F. Gary Gray has another sequel on his resume, that being the lousy Be Cool, a sequel to Barry Sonnenfeld’s Get Shorty. Sonnenfeld, of course, directed the other three MIB films. Conclusion: F. Gary Gray needs to cease and desist directing sequels to Barry Sonnenfeld films.

This project was originally supposed to be a crossover with the Jonah Hill 21 Jump Street franchise. I’m guessing Warner Bros. soured on the notion of turning MIB into a joke, figuring they could reboot and regenerate revenue on the franchise while staying within its own established universe. Given Gray’s failed film, they figured wrong. No doubt: A Men In Black comedy with Channing Tatum and Jonah Hill would’ve been automatic box-office gold. This one is a dud.

The Godzilla film sort of sucked. The X-Men are bombing … and now this. This summer-movie season so far has been a cruel, unforgiving place for big movie franchises.

Men in Black: International is playing at theaters across the valley, in a variety of formats.

Robert Pattinson, the man who will be Batman, continues establishing himself as one of his generation’s finest actors with High Life, a dark, scarily effective sci-fi thriller.

Directed and co-written by Claire Denis, the film stars Pattinson as Monte, a death-row inmate sent into space with a crew of prisoners, including a murderous doctor played by Juliette Binoche. The prisoners dedicate their lives to scientific experiments rather than rotting in cells back on Earth.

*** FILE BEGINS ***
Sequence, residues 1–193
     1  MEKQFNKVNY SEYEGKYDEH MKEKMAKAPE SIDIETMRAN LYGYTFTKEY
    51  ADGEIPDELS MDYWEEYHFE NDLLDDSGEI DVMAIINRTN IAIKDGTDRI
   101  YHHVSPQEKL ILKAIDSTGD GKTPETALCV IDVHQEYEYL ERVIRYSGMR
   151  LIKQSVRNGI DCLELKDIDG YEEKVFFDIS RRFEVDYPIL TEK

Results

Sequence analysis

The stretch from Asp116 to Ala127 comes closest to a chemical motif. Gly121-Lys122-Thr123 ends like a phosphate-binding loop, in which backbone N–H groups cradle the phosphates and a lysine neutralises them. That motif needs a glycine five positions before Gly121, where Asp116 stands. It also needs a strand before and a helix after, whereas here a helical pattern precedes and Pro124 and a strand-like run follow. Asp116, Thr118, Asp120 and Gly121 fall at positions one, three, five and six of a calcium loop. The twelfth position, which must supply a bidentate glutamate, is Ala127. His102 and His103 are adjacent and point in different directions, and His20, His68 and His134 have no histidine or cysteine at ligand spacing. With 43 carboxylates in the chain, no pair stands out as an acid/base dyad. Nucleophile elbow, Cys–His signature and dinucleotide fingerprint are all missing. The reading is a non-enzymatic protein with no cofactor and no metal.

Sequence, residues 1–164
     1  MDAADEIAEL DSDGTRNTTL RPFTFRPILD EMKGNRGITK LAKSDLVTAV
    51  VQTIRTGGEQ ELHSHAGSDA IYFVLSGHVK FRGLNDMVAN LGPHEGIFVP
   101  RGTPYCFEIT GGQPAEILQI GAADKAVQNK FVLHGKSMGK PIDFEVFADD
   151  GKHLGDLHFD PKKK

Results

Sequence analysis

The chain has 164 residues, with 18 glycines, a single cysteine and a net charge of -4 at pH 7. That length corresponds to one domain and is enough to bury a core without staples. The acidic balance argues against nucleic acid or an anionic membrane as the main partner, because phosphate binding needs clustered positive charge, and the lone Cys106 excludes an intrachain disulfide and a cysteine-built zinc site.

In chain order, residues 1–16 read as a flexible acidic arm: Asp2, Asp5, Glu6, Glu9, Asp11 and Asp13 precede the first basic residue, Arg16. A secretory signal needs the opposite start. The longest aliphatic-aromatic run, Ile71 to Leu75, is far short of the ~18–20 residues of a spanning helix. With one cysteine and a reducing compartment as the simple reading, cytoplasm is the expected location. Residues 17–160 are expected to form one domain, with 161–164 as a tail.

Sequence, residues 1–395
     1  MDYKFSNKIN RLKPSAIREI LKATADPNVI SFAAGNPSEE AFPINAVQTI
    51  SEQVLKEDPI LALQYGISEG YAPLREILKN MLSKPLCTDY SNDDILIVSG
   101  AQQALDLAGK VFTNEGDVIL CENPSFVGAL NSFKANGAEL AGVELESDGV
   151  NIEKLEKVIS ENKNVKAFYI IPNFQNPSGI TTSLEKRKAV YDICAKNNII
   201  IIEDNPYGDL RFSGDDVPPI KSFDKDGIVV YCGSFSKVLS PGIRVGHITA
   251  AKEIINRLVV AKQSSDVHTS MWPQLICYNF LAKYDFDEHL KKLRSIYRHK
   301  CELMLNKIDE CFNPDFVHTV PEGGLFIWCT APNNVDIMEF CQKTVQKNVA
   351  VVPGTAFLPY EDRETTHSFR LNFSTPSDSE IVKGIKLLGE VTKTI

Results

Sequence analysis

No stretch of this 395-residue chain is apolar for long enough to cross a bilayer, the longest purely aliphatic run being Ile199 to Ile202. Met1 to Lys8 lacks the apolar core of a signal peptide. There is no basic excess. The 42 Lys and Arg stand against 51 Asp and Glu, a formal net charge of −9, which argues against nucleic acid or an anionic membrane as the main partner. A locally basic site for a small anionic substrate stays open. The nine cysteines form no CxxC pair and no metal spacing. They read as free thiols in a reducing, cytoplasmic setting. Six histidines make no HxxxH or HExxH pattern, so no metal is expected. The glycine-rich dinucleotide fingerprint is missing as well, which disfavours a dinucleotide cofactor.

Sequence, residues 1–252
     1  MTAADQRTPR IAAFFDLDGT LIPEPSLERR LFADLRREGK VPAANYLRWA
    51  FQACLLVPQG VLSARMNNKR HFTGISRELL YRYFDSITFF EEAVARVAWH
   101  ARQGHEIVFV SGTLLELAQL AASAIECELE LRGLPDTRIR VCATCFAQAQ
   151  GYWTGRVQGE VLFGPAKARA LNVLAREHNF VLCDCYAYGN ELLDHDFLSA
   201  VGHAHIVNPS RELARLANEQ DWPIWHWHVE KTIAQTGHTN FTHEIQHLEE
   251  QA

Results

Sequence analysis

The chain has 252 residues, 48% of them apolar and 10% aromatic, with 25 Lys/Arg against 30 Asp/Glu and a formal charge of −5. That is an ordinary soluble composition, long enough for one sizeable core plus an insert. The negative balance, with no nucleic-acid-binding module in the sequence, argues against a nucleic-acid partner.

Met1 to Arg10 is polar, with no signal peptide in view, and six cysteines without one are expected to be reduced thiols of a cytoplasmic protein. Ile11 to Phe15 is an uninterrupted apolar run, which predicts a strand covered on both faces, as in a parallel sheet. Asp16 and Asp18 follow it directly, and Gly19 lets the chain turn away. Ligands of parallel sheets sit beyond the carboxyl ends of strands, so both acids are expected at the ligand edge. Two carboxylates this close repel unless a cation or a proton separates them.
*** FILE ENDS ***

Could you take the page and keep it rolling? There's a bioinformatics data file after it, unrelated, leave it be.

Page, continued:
It’s established early that Monte and his toddler daughter are the only survivors of the flight after things went terribly wrong. The deterioration of the mission is told in flashback. Mia Goth and Andre Benjamin play two other members of the ill-fated crew.

Everybody is terrific in this movie, which turns out to be one of the darker, more-effective sci-fi offerings in years. The mission’s ultimate goal is to pass through a black hole and see what is on the other side. Even with his crew gone, Monte forges on as his daughter ages along with him in space. It’s all very eerie, but also moving.

Cool trivia note: The baby is played by Scarlett Lindsey, the daughter of a friend of Pattinson, which explains their amazing rapport.

High Life is available via online sources including iTunes and Amazon.com.

The zombie genre gets the Jim Jarmusch treatment with mild levels of success in The Dead Don’t Die, an often funny, sometimes scary and always amusing horror-comedy effort from the famed director.